As pulses diversify into breakfast cereals, beverages, extruded snacks, protein supplements, and baked products, understanding key characteristics such as protein and starch content are key to processing, said Daniel Best, founder and president of Best Vantage Consultants, during a US Dry Pea and Lentil Council webinar titled “R&D Trend Review: How to use pulse ingredients in extruded snacks and other products.”
“Pulses are going mainstream and center of plate given their versatile platforms from allergen-averse and gluten-free to economical egg and dairy protein ingredient alternatives,” Best said. “We’re in the very early stages of a trend toward increased pulse consumption and attraction to consumers in North America.”
Pulses—which include chickpeas, dry beans, lentils, dry peas, broad (fava) beans, pigeon peas and cowpeas—are rich in soluble and insoluble fiber, antioxidants, vitamins—especially folate—and minerals, and low in oil, which differentiates them from soybeans and peanuts. They contain high levels of resistant starch, which combine with high levels of protein and dietary fiber for a low glycemic impact.
They’re less susceptible to price volatility on top of being less expensive by weight than identified allergens like dairy and eggs, Best noted. They also contain certain properties that make them ideal for dairy and egg replacement. Their high protein content facilitates aeration, binding and emulsification; the gelatin in pulses’ starch has humectancy and thickening properties; the insoluble fiber contributes both nutrition and humectancy; and soluble fiber has gelatinizing, coagulation and emulsification properties.
Positive claims in gluten-free products
Such properties also enable pulses to take the place of other gluten-free starches for an improved nutritional profile in gluten-free baked products. In one trial by the Fargo, ND-based Northern Crops Institute, 30% of a gluten-free tapioca and rice flour blend in a shortbread cookie was replaced with lentil flour—which increased protein from 1 gram to 2 grams per 30-gram serving and fiber from zero to 2 grams per serving.
In another, a pasta made with 100% organic lentil flour delivered 13.5 grams of protein per 55-gram serving, which exceeds the 20% value for an “excellent source of protein” claim, at 24.7%.
Right level of starch for extrusion
Pulses can be processed into a variety of ingredients, including flours, flakes, pastes, or pulse/cereal blends; fractioned into protein concentrates, starches, bran/fiber, or particulars. Available varieties include whole, roasted pulses, flakes, grits, raw flours, air-classified flours (milled pulses with a controlled ratio of protein to carbohydrates), precooked, pregelled flours (run through extrusion process already to enhance certain functional properties), protein isolates, concentrates, starches, bran meal and fiber.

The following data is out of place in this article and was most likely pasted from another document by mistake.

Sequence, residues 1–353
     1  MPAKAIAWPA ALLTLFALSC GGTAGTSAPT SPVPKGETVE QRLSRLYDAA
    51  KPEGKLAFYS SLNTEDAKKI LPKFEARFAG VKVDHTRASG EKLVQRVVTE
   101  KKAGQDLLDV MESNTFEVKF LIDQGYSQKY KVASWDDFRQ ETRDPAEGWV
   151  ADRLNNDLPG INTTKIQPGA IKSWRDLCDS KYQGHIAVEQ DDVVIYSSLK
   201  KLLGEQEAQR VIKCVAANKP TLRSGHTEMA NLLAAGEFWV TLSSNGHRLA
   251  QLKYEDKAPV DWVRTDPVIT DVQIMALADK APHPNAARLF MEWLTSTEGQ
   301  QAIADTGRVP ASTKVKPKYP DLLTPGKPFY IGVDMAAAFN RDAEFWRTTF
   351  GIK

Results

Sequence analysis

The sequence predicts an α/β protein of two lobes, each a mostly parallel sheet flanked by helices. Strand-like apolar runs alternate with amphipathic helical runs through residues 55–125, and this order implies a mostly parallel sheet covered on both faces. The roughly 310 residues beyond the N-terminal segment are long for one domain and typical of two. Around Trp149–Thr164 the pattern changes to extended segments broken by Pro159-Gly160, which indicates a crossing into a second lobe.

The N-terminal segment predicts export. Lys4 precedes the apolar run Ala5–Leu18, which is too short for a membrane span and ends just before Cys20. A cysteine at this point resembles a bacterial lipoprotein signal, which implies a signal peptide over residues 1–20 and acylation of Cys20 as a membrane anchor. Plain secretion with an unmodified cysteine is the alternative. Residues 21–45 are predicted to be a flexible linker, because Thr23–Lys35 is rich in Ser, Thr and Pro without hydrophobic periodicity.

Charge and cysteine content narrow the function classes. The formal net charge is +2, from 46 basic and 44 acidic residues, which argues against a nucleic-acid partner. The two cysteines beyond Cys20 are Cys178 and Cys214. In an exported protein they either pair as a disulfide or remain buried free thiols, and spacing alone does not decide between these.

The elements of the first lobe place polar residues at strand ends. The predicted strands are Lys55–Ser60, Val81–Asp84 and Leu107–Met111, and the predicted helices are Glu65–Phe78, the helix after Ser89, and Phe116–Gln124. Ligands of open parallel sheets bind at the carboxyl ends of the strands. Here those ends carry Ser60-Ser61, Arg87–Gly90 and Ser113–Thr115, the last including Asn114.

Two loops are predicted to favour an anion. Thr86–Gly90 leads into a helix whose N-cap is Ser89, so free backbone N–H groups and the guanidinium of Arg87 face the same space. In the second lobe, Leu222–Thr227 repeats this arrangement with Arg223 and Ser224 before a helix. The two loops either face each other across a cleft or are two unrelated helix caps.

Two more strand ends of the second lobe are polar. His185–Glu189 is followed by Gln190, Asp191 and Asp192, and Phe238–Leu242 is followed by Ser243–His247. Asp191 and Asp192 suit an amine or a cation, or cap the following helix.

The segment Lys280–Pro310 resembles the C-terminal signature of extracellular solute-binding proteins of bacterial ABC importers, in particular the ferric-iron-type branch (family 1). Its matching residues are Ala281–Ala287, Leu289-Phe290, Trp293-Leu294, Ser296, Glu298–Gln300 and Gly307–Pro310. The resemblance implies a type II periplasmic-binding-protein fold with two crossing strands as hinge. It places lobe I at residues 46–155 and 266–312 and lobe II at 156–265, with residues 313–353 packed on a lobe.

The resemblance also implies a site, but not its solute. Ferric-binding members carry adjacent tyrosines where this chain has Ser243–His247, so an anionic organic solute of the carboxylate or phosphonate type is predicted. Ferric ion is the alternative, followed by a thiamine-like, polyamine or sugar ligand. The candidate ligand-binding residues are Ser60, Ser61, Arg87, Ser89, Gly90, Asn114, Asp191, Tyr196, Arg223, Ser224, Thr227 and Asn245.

A major distinguishing factor between pulses and other legumes such as peanuts and groundnuts is their high starch content (dry peas are made up of 39% starch; lentils, 47.4%; and chickpeas, 50.4%), making them ideal for extrusion processing. For high-temperature/short-time extrusion, used for such products as puffed snacks, snack and cereal pellets, and ingredient flours, the optimum amylose content for expansion (how much the product puffs, texture changes, etc.) and pellet robustness is 25-50%, which is right where pulses fall, according to NCI research.
“The amylose content of peas, lentils and chickpeas is in the 24-33% range,” Best said. “That’s right in sweet spot we identified for maximizing expansion properties during extrusion. You can further modify expansion when you look at combinations of pulse flours with other high-amylose ingredients, such as corn.”
For example, when extruding to create crispy rice-type particles, optimum expansion is achieved with 100% corn flour dough, though NCI researchers found similar expansion levels can be achieved using 50% lentil and 50% corn.
For low shear extruded products, such as pasta and texturized vegetable proteins, the higher protein content of pulses can benefit the resulting product’s structure and strength, Best said. “Increasing the proportion of pulse flour—such as pea flour—in gluten-free pasta dough increases the al dente quality along with the cooking firmness,” he said, adding that pregelatinizing the starch prior to extrusion is key for best gluten-free pasta quality.
Challenges of pulse processing
Different milling techniques affect pulse starch granule integrity, which in turn, can impact how well the particles temper along with the distribution of moisture during the extrusion process.
Pulses can also present challenges in smoothie and beverage applications, as their solubility characteristics depend on how the proteins are processed. "For example, pre-extruded pea flours solubilize much better," Best said.
Meanwhile, pulses don't blend well with acidic ingredients like yogurt or vinegar, as their respective isoelectric levels are too close.
“You just have to try them,” Best said. “Exact formulations will give different results depending on other ingredients present.”